The Classification of 1855 was originally conceived by Exposition Universelle in Paris as a simple guide to Bordeaux wines, both red and white, though it really ended up as an enduring order for the red wines of the Medoc, except for the one Pessac-Leognan or Graves estate Chateau Haut-Brion which was included. Funny enough this class structure was only compiled in a matter of days and was based on prices that estates were getting for their wines on the current market at the time and was never ever meant to be set in stone and was in fact done just for the one single event. Even though the Classification was never intended as a permanent guide it has in fact become one that still holds on today, and only one real change has ever taken place to the original placements, that was when Chateau Mouton-Rothschild was given First Growth status in 1973! The original guide placed the main estates into echelons that were and are known by the old term Growths in five classified levels of prestige. This has given us First Growths (top) through Fifth Growths (lowest) of the best quality winegrowers. It is remarkable how notable and accurate this system has been and still is today.
White wines and sweet wines had separate classifications and these while useful at the time do not have the same meaning at present. The other top wines not from the Haut-Medoc did get some recognition, with Saint-Emilion being the most progressive, as it is updated and re-rated every ten years, but Pomerol still does not have a real classification in place!

When you think of Pessac-Leognan or Graves red, you almost always and only think of Chateau Haut-Brion the First Growth of the appellation and one of the very first premier estates in the Bordeaux region and a Chateau favored by Thomas Jefferson, as well as collectors near and far. Besides Haut-Brion there is La Mission Haut-Brion and Chateau Haut-Bailly that impress from this area and a many others that have fans the world over. Pessac-Leognan is almost perfect for Cabernet Sauvignon with lots of well-drained soils and a touch of limestone as well to add character, and the appellation is well known to produce good wines even in terrible vintages. In fact some of the best vintages in the region have come in slightly cooler vintages like 1988 rather than 1982 or more recently 2003. This may be the first area planted to serious vine in all of Bordeaux in the early 1300’s and continues to produce great wines.

While for years, the only Margaux was Chateau Margaux; there are now a select few top Margaux wines to choose from including Chateau Palmer and Brane-Cantenac. Margaux is a unique Appellation and always seems the most perfumed and elegant while still having power and structure. That said, Margaux has some questionable properties and may have a bit too much sand and clay in some areas to deliver quality. It seems best to stay with the sloping vineyards more to the north for the best results, even from unclassified estates, though you can’t go wrong with the aforementioned Chateaux. Again Cabernet Sauvignon is the main grape here, though there seems to be more combinations of grapes used here.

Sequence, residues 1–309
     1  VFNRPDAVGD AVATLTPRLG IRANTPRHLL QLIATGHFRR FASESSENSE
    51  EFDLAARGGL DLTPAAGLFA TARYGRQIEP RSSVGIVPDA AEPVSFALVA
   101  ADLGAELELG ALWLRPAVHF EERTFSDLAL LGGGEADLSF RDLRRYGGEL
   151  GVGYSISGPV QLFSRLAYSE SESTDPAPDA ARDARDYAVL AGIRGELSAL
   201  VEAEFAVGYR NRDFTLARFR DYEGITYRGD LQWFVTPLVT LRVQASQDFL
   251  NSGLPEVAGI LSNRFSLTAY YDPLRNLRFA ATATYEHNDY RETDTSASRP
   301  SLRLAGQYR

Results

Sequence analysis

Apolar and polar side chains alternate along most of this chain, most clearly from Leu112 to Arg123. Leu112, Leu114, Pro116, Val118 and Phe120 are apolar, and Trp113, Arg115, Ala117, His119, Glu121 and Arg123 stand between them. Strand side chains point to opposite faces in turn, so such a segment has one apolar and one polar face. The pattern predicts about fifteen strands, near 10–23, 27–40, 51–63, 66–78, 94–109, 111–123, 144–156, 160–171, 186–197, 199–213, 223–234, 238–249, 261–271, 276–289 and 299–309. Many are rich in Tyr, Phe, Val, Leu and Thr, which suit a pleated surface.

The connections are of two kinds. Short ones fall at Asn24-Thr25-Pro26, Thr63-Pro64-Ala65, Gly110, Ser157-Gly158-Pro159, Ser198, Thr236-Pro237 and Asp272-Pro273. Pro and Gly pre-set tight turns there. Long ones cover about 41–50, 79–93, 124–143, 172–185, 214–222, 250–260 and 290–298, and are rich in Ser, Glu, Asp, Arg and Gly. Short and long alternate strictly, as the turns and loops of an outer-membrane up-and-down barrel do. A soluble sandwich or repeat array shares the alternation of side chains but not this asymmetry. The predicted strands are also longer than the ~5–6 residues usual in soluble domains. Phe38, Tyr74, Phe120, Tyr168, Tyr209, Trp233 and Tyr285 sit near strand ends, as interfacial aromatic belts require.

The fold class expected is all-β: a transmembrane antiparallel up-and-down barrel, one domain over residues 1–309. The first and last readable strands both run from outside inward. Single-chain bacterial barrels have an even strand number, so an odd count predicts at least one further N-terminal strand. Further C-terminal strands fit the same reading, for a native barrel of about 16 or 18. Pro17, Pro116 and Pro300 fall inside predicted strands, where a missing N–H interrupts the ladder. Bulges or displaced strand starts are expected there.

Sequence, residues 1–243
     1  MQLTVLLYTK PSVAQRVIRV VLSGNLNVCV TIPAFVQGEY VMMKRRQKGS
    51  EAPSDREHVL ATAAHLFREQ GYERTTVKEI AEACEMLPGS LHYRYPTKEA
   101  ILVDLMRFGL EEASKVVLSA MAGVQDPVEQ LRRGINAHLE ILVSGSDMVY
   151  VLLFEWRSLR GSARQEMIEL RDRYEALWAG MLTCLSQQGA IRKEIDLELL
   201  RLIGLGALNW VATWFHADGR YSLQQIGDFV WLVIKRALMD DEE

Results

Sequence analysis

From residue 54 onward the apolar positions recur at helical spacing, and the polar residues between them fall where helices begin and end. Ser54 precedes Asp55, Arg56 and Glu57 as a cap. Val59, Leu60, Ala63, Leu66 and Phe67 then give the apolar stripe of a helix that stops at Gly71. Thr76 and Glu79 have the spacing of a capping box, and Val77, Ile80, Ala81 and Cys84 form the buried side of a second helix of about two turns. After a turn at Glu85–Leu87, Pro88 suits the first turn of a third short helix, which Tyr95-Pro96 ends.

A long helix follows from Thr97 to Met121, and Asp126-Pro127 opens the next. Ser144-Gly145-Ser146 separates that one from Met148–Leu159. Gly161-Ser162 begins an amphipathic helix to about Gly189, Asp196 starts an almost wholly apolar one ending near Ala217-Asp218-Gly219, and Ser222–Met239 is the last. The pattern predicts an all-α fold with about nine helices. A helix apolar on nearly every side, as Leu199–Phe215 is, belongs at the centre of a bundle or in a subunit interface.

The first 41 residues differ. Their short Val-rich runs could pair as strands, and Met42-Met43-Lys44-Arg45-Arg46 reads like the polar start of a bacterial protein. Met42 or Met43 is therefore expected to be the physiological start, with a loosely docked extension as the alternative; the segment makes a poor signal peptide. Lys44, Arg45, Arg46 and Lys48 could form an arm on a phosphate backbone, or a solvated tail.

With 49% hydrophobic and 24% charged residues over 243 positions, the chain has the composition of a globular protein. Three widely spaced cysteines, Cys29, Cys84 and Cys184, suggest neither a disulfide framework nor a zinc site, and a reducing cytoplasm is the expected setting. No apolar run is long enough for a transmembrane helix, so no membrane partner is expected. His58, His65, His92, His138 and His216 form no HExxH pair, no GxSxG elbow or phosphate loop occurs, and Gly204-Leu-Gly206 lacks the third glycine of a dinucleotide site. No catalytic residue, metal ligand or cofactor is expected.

Pauillac is the king of Bordeaux Appellations with the most First Growths and is considered the most powerful of the region with top estates Latour, Lafite-Rothschild and Mouton-Rothschild you see the wisdom there. This is one of the top Cabernet Sauvignon sites in the Haut-Medoc and Bordeaux, and with its deep gravelly soils that makes sense. The darker and more powerful wines of Pauillac have always been in favor and still demand the most attention from critics and collectors the world over; in fact China and the Asian market are going nuts for Lafite right now. Apart from the three First Growths Pauillac still has some amazing wines, and Parker is raving about the rise of Chateau Pontet-Canet, who are right across the street from Mouton and rates them close to the First Growths here. I will not forget my first taste of Chateau Latour and I am a real Pauillac fan.

This area just north of Pauillac has only five classified growths within the commune, but still garners good respect with the top estates being Chateau Montrose, Cos D’ Estournel and Calon-Segur. Saint-Estephe has lots of charm and style and depends on a higher percentage of Merlot, as the soil is much more clay influenced and the earlier ripening Merlot and Cabernet Franc do a bit better, though Cabernet Sauvignon still plays a powerful role. There is about 2,822 acres planted to vine in the appellation with Merlot being the most widely planted.

Saint-Emilion is perhaps the most historic and pretty place in the whole of Bordeaux with its walled medieval city and fortress still an amazing site to see. The two main Chateaux are Cheval-Blanc and L’Angelus these days, though lots of people will remember Chateau Figeac as well. This is a unique and the most progressive of all the Bordeaux appellations with an ever changing rating system and a new judging for classification every ten years with very strict rules and attention to quality. Saint-Emilion also is known as the Cabernet Franc place and in some vintages it will be the grape of choice, and Cheval-Blanc relies on Franc as the main grape more often than not, making for rich and freshly wines that offer more perfume and tannin than a Merlot based wine in general here.